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Freed Colombia Hostage Ingrid Betancourt's New Battle Is In Divorce Court

Freed Colombia Hostage Ingrid Betancourt's New Battle Is In Divorce Court

Judge freezes assets of former Presidential candidate, in divorce proceedings. The marriage never recovered from her six years in captivity.

Ingrid Betancourt (Fabiogis50)

EYES INSIDE - LATIN AMERICA

When Íngrid Betancourt was brought to Bogota, Colombia in July 2008 following a daring rescue operation, she was greeted at an air base by her family, including her husband Juan Carlos Lecompte. The photographs of the homecoming -- after more than six years of captivity by guerrillas -- show Betancourt offering a decidely cool gesture of affection toward her husband. Months later, she announced her plans to divorce from Lecompte on the grounds of "breach of marital duties."

It was a move that came as a surprise for many. Lecompte had been one of her ardent supporters throughout her captivity, having pressed the governments of Colombia and France to negotiate her release with the Revolutionary Armed Forces of Colombia (FARC). Betancourt is also a citizen of France, where she had earlier been married to a Frenchmen with whom she had two children.

This week, a family judge in Bogota ordered a freeze on all of Betancourt's properties and bank accounts in Colombia, the United States , Panama and France until the divorce is complete. Lecompte's lawyer Helí Abel Torrado asked the court in September to divide the couple's assets, including homes and bank accounts they both acquired and opened from the time they were married on October 17, 1997.

Betancourt, a former presidential candidate, charged that she found out by listening to radio broadcasts in the jungle that Lecompte had been seeing a Mexican woman. The husband is also using charges of infidelity in his defense. A book written in 2009 by three American contractors -- Marc Gonsalves, Thomas Howes and Keith Stansell – who were held in the jungle with Betancourt and other hostages paint an unflattering picture of her. In "Out of Captivity," Gonsalves also admits that he had a romantic relationship with Betancourt.

Last year, Sansell said that the two continue to see each other. The RCN Colombia radio network reports that the judge in the divorce proceedings has also ordered that the testimonies of the three US contractors also be taken.

Betancourt came out with her own book last year "Even Silence has its own End," in which she claims she was sexually abused and alleged that her former vice presidential running mate, Clara Rojas, who was taken along with her in 2002, demanded to have a baby in captivity. The account has also strained her relationship with Rojas, who did have a baby reportedly fathered by a guerrilla rebel but claims she did it on her own terms.

Betancourt divides her time between New York and Paris . Many Colombians have lost sympathy for her, especially after she announced last year that she was considering a lawsuit against the government in Bogota for $6.8 million for allowing her to travel to the perilous San Vicente del Caguán, Caquetá department, where she and Rojas were captured while on the campaign trail. She immediately took back her threat after a backlash of criticism.


Martin Delfín

Worldcrunch


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Society

In Northern Kenya, Where Climate Change Is Measured In Starving Children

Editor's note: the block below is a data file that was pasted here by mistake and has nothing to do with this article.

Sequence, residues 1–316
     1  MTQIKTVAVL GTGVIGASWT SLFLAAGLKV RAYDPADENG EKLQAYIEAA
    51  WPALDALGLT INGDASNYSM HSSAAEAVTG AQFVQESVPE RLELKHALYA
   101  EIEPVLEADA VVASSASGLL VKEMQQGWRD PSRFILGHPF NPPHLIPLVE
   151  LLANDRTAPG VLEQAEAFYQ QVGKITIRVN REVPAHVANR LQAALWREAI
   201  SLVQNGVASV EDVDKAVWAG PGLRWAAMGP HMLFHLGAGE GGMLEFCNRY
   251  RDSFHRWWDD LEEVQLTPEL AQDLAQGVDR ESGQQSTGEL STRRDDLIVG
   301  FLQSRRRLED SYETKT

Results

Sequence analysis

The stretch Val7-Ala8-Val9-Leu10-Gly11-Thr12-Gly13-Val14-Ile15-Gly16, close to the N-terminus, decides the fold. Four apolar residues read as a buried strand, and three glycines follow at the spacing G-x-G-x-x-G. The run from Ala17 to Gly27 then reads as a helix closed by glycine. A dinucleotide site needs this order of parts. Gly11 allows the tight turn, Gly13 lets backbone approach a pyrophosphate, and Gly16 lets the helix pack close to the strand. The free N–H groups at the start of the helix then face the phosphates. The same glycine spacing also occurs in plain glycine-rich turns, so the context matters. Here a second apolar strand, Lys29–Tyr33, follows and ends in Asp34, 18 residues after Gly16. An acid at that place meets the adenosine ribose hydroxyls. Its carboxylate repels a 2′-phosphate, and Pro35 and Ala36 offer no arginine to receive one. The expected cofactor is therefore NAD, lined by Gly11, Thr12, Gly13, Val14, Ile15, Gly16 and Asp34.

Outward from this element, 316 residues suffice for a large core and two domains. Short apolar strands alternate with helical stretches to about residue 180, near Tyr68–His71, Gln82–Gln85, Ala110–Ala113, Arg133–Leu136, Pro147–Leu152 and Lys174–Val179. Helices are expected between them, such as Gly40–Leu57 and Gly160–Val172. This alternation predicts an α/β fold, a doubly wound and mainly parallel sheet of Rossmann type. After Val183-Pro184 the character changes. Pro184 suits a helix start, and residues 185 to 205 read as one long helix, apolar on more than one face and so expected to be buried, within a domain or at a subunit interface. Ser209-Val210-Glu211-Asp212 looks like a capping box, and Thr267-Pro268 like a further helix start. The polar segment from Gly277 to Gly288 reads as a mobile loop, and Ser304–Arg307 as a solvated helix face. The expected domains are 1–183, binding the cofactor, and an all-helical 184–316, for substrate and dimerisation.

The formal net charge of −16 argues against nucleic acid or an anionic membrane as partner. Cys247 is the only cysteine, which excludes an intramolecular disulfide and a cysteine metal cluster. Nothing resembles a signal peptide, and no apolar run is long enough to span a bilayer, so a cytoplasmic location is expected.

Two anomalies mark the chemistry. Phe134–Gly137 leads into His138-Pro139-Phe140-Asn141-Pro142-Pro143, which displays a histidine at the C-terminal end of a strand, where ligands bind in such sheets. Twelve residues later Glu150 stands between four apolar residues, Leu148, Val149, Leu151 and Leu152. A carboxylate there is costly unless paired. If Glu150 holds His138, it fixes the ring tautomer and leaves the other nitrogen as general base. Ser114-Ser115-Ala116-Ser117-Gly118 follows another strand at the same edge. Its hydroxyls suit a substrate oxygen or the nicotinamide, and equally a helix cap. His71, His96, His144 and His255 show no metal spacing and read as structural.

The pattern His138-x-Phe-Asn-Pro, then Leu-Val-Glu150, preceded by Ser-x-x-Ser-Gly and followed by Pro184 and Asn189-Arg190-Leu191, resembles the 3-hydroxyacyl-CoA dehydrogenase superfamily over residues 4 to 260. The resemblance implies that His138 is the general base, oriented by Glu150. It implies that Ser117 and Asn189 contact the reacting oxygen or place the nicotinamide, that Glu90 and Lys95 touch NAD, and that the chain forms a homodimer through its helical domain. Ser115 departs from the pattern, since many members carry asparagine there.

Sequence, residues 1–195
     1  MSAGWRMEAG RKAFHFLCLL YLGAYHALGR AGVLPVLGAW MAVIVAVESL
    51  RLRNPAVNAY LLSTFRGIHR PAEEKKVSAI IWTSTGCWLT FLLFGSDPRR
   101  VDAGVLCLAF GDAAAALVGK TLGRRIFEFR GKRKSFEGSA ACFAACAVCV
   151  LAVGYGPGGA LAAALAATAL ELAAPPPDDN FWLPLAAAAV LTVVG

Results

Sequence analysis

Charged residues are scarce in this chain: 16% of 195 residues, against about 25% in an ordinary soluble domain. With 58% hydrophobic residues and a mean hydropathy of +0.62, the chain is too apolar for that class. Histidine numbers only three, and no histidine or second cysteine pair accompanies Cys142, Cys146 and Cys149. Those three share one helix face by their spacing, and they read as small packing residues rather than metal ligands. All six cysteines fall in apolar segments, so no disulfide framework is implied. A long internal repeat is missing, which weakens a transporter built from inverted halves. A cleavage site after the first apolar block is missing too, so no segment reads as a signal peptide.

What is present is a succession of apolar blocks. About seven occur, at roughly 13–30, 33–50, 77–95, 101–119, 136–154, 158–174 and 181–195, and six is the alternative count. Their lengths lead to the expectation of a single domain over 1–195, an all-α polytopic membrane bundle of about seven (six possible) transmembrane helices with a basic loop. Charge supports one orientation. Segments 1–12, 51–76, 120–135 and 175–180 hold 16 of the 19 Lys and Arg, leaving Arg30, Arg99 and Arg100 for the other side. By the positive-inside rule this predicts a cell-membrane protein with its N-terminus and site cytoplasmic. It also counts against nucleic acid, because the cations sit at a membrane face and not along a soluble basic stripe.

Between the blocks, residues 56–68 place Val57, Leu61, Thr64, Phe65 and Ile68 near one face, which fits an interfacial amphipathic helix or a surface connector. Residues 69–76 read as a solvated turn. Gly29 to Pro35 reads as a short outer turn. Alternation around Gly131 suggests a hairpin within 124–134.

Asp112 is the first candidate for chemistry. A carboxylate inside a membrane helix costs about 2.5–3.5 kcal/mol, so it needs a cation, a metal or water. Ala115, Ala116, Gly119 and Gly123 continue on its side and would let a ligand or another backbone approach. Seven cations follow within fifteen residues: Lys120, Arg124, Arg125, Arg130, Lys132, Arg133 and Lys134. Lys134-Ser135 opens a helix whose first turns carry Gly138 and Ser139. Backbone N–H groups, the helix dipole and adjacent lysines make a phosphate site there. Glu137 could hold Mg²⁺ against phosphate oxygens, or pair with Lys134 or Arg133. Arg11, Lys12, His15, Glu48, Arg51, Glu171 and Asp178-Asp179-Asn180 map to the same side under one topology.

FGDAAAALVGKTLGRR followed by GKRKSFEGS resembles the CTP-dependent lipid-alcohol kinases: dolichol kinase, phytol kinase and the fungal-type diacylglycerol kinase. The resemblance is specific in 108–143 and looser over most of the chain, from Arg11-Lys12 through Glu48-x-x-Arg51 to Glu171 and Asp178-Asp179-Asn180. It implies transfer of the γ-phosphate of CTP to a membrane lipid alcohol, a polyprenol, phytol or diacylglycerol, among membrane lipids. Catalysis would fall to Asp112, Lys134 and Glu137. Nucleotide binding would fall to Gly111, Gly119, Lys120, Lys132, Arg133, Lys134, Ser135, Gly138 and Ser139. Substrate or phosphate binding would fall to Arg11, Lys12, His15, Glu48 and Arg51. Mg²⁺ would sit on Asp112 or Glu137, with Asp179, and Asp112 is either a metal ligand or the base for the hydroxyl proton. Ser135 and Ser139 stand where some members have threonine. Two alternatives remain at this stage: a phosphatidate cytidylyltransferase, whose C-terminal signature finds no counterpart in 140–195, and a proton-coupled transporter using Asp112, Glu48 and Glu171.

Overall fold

The worst drought in 40 years, which has deepened from the effects of climate change, is hitting the young the hardest around the Horn of Africa. A close-up look at the victims, and attempts to save lives and limit lasting effects on an already fragile region in Kenya.

Photo of five mothers holding their malnourished children

At feeding time, nurses and aides encourage mothers to socialize their children and stimulate them to eat.

Georgina Gustin

KAKUMA — The words "Stabilization Ward" are painted in uneven black letters above the entrance, but everyone in this massive refugee camp in Kakuma, Kenya, calls it ya maziwa: The place of milk.

Rescue workers and doctors, mothers and fathers, have carried hundreds of starving children through the doors of this one-room hospital wing, which is sometimes so crowded that babies and toddlers have to share beds. A pediatric unit is only a few steps away, but malnourished children don’t go there. They need special care, and even that doesn’t always save them.

In an office of the International Rescue Committee nearby, Vincent Opinya sits behind a desk with figures on dry-erase boards and a map of the camp on the walls around him. “We’ve lost 45 children this year due to malnutrition,” he says, juggling emergencies, phone calls, and texts. “We’re seeing a significant increase in malnutrition cases as a result of the drought — the worst we’ve faced in 40 years.”

From January to June, the ward experienced an 800 percent rise in admissions of children under 5 who needed treatment for malnourishment — a surge that aid groups blame mostly on a climate change-fueled drought that has turned the region into a parched barren.

Opinya, the nutrition manager for the IRC here, has had to rattle off these statistics many times, but the reality of the numbers is starting to crack his professional armor. “It’s a very sad situation,” he says, wearily. And he believes it will only get worse. A third year of drought is likely on the way.

More children may die. But millions will survive malnutrition and hunger only to live through a compromised future, researchers say. The longer-term health effects of this drought — weakened immune systems, developmental problems — will persist for a generation or more, with consequences that will cascade into communities and societies for decades.

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